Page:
Big Heads

I sat in the waiting-for-meds room next to Patty. She’s a very old lady, but not exactly frail. And although she can’t hear unless you shout in her right ear, and she has watery blue eyes, that look like they have a film over them, and as she told me, she’s 95 going on 96, and she has, as far as I can tell (maybe not the right judge) most of her marbles, and she backs into the seat next to mine and I guide her gently by touching her left hip, and she says, “Oh thank you” the way non-New Yorkers say it, and moves to her right until she’s centered with the red chair behind her, and I say, G’head.

It’s right behind you.

And she plops her keister down and says, O thank you again.

And her table mate who usually guides her around, chops her food for her and explains things to her with a godly patience that I never had, says: Oh. David is guiding you in for a landing.

She has a good memory and sits down.

Across from her a row of chairs, some empty, some with people waiting to get into the Wellness Center (the modern euphemism for a dispensary) and I shout in her left ear, how much can you see over there? Pointing across the way.

Mostly shadows, she says. But if someone is sitting there, I can see their head. Their head fills the entire chair.

What do they call that, I ask.

Big head syndrome, she says and laughs. No, I don’t remember anymore. I have always had a good memory, but it’s going.

At this point the two seats that had been occupied across the way are empty.

“What do you see now,” I ask.

Her head shakes as she looks down the row of empty chairs.

Just shadows, she says. I don’t think anyone is there. Am I right?

Yes, Patty. All empty. Just shadows of chairs.

In the middle of this, the blue shirts are starting their shift. Everyone is talking about the fall I had last night.

I ask them how everyone knows about it.

It’s in you chart.

Oh, man. I was hoping they wouldn’t report the fall I took in my room. These falls are not as dangerous as some of the real falls around here.

They’re pretty unusual for me, and the hard part isn’t the fall, but trying to get up off the floor after the fall.

So last night, the Mets game was rained out (that usually keeps me up a couple hours) and I closed my eyes and went into a very dark, dreamless, sleep with my headphones on listening to Beethoven.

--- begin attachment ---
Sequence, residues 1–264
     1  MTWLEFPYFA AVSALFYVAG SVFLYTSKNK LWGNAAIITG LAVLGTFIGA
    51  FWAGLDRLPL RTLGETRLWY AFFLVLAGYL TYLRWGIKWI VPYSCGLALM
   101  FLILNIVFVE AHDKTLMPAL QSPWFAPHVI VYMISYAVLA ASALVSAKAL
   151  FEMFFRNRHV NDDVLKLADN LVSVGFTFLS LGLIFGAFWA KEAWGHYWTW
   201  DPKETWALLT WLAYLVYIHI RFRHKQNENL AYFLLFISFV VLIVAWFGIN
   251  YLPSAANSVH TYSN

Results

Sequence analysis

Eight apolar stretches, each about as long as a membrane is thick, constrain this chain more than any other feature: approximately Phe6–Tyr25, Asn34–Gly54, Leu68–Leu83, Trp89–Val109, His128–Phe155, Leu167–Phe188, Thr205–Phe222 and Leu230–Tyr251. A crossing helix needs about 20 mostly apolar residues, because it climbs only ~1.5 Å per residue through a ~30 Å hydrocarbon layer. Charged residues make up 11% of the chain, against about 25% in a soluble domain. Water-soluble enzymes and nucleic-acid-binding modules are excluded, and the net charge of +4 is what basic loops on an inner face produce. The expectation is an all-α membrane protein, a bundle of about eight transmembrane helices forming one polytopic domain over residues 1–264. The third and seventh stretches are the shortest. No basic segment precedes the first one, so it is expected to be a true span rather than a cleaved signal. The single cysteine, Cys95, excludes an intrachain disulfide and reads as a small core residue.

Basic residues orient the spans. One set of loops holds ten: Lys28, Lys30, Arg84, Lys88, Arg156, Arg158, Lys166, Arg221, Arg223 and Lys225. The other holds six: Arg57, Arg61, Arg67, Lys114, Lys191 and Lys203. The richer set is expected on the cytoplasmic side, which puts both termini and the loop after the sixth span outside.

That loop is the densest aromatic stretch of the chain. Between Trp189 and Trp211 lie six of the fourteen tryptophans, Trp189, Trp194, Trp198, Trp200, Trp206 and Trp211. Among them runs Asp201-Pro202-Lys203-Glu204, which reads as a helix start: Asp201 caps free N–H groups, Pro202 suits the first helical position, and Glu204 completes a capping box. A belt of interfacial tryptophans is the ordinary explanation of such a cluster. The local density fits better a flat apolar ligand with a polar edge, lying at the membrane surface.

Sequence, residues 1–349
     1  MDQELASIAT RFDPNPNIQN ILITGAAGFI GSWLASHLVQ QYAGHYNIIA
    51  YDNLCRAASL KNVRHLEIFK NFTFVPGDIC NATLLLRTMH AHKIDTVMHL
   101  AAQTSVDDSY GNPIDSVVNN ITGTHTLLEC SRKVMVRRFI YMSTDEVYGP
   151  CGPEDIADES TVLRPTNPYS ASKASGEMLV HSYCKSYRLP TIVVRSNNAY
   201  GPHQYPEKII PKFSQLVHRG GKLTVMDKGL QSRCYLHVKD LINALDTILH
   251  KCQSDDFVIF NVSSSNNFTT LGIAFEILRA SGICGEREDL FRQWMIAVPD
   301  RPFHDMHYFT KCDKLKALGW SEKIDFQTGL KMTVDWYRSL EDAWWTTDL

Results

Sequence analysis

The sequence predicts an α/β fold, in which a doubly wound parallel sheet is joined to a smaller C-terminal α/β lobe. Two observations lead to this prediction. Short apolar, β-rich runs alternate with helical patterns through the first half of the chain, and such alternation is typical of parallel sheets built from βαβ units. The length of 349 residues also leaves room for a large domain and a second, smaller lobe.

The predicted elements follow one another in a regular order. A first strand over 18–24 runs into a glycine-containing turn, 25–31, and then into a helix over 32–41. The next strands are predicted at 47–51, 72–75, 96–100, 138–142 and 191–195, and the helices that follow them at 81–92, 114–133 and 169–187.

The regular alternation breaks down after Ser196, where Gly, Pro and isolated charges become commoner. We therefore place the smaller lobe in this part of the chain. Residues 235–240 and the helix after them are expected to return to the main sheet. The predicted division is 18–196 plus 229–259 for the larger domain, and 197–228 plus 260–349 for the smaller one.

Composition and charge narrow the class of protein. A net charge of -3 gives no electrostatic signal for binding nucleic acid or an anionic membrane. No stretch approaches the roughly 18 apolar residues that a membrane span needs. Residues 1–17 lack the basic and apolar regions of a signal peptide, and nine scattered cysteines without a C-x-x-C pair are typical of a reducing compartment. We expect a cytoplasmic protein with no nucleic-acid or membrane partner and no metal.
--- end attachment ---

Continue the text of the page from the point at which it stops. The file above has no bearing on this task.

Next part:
“Mr Beckerman! Get up Mr. Beckerman!” One of the blue shirts is yelling at the top of her lungs that the Wellness Center is calling for me.

My night medicine is a bit of Valium (to sleep), some Statin to clean my blood, and a BP medicine, that will cause me to pass out if I take it as prescribed. I usually take the second one and hide it under my tongue, and break it in half when I get to my room after checking my vitals.

So I get woken up at 9 p.m. Get dressed in a rush. And half-asleep get down to the Wellness Center.

“You know you woke me up to give me this pill to help me sleep?”

And no answer is heard.

Still in a fog, I swallow all the pills. Make it back to my apartment. Which is still dark. My Rollator hits something on the floor, and it and me are soon lying on the floor.

I’m not hurt, but when you have a fall, you have to sit with the doctor, and answer questions for about an hour.

So I’m on the floor. Can’t crawl onto the bed where the phone and the buzzer for calling for help her still lying. After about a half hour, I get the idea of pulling the blanket which has the alert button and my cell off the bed and onto the floor.

Okay saved.

I call the operator and tell her to connect me with the night nurse. I tell her I’m on the floor but can’t get up. All of a sudden the room is filled with blue shirts including the one who woke me.

“Oh my God!” seems to be the general reaction.

“Not good training,” I think.

I say: I’m okay. I’m not hurt. I just can’t stand up. That’s the main reason I’m in this place. I landed on my butt. No bruises. Just can’t stand without help.

The nurse arrives. She knows me. Has already been through one fall with me.

She doesn’t need any instructions. She grabs me under the arms and yanks me to my feet. You just need a strong woman.

“I’ll say.”

And she takes my vitals, and drops me on the bed.

“How’d this happen?”

You woke me from a deep sleep, and made it sound like an emergency, and when I got back, the Rollator must’v hit something in the dark, and we both went down together.

One of my favorite blue shirts walks by while I’m sitting next to Patty and grabs my arm, whispering: you thought you were so rough and tough. Last night you fell on your butt.

And I grabbed her tattooed arm and said: just remember, we all go down the same path eventually. Even you!

Patty turns to me and says, was that somebody? Or just a shadow?

I think about it for a while: just another shadow in a House of Dark Shadows.

Published by Dave

My name is David Beckerman. I am a fine art photographer working in New York City. Or I was before I had two strokes. I now write from a Nursing Home.

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